Deep sea mining and what’s at risk

Global organizations call for more research and policy on deep sea mining

Deep sea mining involves the retrieval of minerals and deposits from the ocean floor found at depths of 200 metres, up to 6,500 metres. From the 10 to 28 of July the world’s governments will convene in Kingston, Jamaica to negotiate rules and regulations that if agreed and adopted, would open up our ocean to the largest mining operation humanity has ever seen. This emerging industry if unregulated properly will destroy pristine ecosystems untouched since the beginning of time.

The Deep Sea Conservation Coalition (DSCC), founded in 2004 in response to international concerns over the harmful impacts of deep-sea bottom trawling is calling on countries of the world to draw a line and stop this potentially devastating emerging industry.

Today over 100 non-government organizations, fishers organizations and law and policy institutes worldwide are working together under the DSCC to protect vulnerable deep-sea ecosystems with the goals of reducing the greatest threats to life in the deep sea, and to safeguard the long-term health, integrity and resilience of deep-sea ecosystems.

Working with scientists, non-governmental organizations (NGOs), intergovernmental organizations and governments, we target the United Nations and other bodies to call for action. Members of the DSCC will be present in Kingston throughout the International Seabed Authority’s Council and Assembly meetings, urging governments to support a moratorium on the destructive, emerging industry.

The meetings coincide with the deadline of a 2-year legal loophole triggered by Nauru on behalf of would-be mining company, Nauru Offshore Resources Inc, a subsidiary of Canadian company, The Metals Company.

According to the DSCC, “This loophole stipulates that mining be given the greenlight by July 9, irrespective of whether regulations are in place. Nevertheless, an increasing number of governments are recognising that the only responsible way to prevent irreversible damage to our critical, fragile deep ocean is to support a moratorium.”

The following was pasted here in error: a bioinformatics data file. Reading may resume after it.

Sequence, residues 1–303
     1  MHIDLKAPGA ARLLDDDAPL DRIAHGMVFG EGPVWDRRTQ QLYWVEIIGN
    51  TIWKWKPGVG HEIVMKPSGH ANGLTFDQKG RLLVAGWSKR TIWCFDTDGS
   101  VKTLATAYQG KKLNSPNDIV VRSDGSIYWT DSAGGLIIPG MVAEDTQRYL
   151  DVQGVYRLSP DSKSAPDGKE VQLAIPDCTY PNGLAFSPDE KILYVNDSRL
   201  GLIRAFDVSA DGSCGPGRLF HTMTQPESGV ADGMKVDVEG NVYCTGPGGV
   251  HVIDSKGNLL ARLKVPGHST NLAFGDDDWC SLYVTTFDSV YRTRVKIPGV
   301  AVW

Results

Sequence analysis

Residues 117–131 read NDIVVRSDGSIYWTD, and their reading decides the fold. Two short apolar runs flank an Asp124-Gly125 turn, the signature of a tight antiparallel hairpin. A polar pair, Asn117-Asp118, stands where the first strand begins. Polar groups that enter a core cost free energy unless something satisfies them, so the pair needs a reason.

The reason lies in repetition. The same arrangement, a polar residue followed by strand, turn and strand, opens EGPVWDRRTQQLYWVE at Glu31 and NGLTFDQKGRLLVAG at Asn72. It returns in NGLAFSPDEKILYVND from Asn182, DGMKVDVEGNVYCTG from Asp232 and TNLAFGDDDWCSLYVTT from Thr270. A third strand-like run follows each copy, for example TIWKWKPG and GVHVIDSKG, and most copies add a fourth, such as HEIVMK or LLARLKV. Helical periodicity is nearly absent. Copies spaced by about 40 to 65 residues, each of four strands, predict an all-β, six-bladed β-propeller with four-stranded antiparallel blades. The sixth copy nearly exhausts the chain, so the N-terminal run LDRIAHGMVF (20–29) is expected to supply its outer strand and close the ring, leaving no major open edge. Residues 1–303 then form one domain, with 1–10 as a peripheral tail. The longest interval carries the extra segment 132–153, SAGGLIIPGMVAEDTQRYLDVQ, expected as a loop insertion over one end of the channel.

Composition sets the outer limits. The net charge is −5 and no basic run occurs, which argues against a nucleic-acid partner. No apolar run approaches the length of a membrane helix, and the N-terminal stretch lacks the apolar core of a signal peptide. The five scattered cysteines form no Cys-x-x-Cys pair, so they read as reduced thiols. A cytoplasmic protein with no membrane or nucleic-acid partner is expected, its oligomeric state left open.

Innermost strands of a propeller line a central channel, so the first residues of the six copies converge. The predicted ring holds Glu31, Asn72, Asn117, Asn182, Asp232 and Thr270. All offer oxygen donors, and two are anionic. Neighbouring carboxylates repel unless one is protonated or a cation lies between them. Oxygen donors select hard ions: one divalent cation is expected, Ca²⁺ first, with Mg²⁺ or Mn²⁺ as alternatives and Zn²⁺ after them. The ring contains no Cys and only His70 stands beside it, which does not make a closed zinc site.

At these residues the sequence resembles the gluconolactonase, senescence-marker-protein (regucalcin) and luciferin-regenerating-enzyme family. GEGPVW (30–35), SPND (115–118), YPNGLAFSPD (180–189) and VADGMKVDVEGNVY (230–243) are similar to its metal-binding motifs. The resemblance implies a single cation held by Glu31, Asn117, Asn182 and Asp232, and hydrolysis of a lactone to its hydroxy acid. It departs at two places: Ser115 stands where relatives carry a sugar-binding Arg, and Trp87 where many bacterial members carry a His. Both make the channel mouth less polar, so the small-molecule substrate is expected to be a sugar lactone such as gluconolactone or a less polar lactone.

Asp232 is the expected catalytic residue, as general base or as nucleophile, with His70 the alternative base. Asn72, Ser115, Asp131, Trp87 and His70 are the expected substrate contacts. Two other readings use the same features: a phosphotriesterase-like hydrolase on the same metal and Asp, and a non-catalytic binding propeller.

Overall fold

The Canada newspaper The Star has a good back report on how a Canadian company partnered with a tiny nation of Naura in Micronesia to triggered the loophole.

Please register using this Zoom link to join the conversation on July 5 at 14:00 -15:00 BST with the DSCC, Greenpeace, The Ocean Foundation and others for a media briefing ahead of negotiations where panellists will explore the issues surrounding the emerging industry and upcoming negotiations and answer key questions.

Speakers will include:

  • Sian Owen – Deep Sea Conservation Coalition Director
  • Louisa Casson – Global Project Leader for Greenpeace’s Stop Deep-Sea Mining campaign
  • Bobbi-Jo Dobush – Legal Officer at The Ocean Foundation, focusing on deep-sea mining

Greenpeace is calling leaked undercover footage of wastewater pouring into the Pacific ocean during deep sea mining tests “damning”. The undercover footage shown above of the latest deep sea mining tests in the Pacific Ocean shows wastewater being dumped by Canadian miner The Metals Company at the ocean surface, with unknown toxicity and ecological impacts.

What you can do? Send this Zoom call link to journalists heading environmental news locally and nationally. Every nation in the world needs to be onboard knowing how our shared resource and lifeline is at risk. It’s not only the prospect of deep-sea mining that worries scientists today, but existing activities such as offshore oil exploitation and natural gas drilling need to be part of the conversation.

 

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